In this book, Leslie Small and Ian Carruthers examine in detail the potentials and limitations of user fees for financing irrigation operation and maintenance. Both authors have extensive field experience in irrigation in developing countries and have combined this experience with simple concepts of economics to examine possible institutional and financial reforms which would not simply ask farmers to pay for an inadequate irrigation service, but would create the potential for significant improvements in the quality of the service provided. The proposed elements of any such reform are discussed in depth - a system of user fees covering the recurrent costs of irrigation; a financially autonomous irrigation agency that can retain and use the fees to operate and maintain the irrigation facilities; and a macro policy environment that is not unduly skewed against the agricultural sector. Written in a style intended to convey economic perspectives and insights to non-economists, this book will be essential reading for all those concerned with the financing and performance of irrigation in developing countries.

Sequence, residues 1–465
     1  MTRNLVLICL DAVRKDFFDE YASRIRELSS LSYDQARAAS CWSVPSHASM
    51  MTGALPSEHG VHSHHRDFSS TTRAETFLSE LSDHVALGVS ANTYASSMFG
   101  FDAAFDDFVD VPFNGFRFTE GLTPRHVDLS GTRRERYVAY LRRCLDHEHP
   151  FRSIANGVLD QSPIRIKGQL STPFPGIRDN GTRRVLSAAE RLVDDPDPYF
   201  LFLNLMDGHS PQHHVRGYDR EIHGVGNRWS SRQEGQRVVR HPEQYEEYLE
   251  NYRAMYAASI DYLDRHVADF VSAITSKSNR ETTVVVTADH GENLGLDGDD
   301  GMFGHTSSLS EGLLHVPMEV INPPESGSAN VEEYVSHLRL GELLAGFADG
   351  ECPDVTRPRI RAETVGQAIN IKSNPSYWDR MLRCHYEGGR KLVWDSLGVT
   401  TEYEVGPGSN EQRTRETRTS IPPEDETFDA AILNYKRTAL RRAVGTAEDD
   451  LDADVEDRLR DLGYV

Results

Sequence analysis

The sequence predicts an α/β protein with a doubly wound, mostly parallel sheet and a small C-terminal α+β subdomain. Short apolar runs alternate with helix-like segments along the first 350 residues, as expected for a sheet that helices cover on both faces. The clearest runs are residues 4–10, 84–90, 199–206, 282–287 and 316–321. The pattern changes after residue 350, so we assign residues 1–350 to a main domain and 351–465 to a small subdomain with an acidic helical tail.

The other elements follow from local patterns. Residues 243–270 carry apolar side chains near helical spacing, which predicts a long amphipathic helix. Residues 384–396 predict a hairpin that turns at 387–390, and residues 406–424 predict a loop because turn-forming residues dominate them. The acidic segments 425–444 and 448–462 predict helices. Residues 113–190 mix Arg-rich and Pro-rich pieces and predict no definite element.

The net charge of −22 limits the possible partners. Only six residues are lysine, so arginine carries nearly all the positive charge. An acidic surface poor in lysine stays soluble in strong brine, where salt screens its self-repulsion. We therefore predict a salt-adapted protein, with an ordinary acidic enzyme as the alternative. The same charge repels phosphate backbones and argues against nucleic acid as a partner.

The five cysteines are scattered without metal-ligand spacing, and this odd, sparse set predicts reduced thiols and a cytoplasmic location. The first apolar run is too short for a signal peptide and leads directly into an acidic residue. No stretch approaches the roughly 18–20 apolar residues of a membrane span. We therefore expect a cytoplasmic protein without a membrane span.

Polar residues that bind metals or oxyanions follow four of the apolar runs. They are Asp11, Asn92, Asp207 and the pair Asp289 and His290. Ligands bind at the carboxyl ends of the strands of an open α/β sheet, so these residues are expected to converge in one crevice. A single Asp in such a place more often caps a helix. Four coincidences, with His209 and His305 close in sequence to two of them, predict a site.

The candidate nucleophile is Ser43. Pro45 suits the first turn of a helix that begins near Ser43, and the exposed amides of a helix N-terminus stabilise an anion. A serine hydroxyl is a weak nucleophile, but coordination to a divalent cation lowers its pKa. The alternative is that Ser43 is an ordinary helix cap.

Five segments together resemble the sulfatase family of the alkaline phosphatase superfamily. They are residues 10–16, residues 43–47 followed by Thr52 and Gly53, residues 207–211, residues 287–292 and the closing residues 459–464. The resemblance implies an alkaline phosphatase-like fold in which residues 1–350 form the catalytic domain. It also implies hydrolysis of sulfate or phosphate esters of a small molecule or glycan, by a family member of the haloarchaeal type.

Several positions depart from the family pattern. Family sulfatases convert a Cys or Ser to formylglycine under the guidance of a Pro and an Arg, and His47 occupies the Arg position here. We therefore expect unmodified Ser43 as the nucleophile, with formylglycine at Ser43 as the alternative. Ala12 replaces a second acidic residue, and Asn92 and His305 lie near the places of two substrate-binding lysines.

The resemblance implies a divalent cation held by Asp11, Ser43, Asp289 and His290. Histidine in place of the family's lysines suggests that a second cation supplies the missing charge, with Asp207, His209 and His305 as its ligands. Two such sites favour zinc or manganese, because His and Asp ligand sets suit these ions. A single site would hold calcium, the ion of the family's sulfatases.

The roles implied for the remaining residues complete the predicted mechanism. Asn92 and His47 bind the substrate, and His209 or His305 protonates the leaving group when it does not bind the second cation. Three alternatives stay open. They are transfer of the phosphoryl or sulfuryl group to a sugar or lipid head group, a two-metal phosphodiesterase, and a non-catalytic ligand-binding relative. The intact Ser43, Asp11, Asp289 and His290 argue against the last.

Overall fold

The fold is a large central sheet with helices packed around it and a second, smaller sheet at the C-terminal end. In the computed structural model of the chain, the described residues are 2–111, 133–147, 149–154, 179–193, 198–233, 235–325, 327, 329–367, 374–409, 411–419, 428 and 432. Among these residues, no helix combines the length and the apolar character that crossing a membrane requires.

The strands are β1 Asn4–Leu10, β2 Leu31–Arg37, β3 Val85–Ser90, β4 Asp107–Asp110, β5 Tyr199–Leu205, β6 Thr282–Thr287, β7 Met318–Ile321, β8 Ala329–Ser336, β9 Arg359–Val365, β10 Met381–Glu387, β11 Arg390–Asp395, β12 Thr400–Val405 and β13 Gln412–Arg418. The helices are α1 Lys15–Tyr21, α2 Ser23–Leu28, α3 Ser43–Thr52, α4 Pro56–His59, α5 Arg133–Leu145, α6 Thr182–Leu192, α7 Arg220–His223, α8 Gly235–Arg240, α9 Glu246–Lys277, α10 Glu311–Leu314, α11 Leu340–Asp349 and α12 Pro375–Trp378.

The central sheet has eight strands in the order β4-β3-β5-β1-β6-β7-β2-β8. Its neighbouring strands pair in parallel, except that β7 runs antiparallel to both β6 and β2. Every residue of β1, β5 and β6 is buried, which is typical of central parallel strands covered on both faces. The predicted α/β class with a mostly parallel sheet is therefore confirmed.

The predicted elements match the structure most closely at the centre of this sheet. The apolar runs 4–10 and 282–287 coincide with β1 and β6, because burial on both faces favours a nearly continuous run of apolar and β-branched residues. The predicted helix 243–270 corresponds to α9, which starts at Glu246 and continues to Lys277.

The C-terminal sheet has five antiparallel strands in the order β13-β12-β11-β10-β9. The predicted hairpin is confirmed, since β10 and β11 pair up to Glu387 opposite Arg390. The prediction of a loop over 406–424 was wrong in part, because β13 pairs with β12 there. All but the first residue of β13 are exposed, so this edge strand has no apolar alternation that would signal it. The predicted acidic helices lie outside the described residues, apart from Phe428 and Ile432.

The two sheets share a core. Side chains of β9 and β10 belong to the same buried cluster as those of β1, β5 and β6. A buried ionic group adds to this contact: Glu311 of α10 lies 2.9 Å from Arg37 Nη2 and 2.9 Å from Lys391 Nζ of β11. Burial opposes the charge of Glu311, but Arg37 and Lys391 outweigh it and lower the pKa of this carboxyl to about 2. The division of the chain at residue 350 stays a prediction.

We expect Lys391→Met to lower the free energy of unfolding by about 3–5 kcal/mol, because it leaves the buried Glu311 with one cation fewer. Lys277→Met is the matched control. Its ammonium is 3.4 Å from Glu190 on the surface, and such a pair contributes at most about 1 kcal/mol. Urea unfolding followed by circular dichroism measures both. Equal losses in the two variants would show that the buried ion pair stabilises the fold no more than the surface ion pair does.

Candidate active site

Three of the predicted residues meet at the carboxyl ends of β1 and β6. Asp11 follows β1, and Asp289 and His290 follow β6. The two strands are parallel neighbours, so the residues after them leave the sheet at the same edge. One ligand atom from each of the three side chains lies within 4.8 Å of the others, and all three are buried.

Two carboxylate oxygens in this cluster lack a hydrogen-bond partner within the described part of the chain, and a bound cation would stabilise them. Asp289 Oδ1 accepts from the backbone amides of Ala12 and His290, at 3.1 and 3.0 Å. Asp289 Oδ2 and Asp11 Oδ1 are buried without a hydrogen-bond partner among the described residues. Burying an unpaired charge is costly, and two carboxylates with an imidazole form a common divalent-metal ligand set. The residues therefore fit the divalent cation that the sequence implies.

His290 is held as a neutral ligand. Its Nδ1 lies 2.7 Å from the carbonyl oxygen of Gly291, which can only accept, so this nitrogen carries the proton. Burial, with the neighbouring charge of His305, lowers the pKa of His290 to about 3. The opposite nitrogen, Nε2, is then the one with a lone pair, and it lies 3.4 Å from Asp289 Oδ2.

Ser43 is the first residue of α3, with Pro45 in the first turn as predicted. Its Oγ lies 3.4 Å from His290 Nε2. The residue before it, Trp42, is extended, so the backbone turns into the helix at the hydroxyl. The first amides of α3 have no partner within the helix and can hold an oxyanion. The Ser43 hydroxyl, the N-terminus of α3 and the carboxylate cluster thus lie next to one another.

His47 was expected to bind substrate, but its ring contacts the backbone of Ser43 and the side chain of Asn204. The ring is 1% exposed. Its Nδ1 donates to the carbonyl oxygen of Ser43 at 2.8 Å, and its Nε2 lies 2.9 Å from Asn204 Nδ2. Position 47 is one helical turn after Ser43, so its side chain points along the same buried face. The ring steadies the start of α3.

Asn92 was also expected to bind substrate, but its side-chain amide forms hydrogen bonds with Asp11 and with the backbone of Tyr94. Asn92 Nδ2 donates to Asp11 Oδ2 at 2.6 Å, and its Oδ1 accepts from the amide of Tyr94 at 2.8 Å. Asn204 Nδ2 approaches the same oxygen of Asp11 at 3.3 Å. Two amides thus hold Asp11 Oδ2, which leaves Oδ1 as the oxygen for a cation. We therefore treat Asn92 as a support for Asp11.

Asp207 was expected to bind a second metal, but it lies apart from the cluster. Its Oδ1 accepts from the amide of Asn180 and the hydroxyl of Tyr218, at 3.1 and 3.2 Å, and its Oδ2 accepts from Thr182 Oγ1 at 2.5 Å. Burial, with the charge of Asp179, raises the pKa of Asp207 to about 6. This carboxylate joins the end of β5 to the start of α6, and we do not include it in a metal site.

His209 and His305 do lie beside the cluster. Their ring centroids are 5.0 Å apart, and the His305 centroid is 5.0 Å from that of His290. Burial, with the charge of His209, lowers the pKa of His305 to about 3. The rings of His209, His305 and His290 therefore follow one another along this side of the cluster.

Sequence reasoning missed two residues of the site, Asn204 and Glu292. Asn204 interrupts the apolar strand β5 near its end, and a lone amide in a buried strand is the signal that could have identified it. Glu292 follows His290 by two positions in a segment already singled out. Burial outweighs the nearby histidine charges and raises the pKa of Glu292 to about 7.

Preface; 1. Irrigation financing in perspective; Part I. Analysing Financing Policies: Theory and Concepts: 2. Key concepts from economic theory; 3. Evaluating irrigation financing policies: a conceptual framework; Part II. Criteria for Evaluating Irrigation Financing Policies: 4. Cost-effective operation and maintenance; 5. Allocating a scarce resource: water-use efficiency; 6. Improving investment decisions; 7. Resource-mobilisation efficiency; 8. The concern for equity; Part III. Financial Autonomy and User Fees: Key Implementation Issues: 9. Establishing financial autonomy; 10. Setting irrigation fees: reconciling the need for funds with farmer's ability to pay; 11. Collecting irrigation fees: fostering a willingness to pay; 12. The political economy of irrigation financing; 13. Conclusions and recommendations; Notes; Index.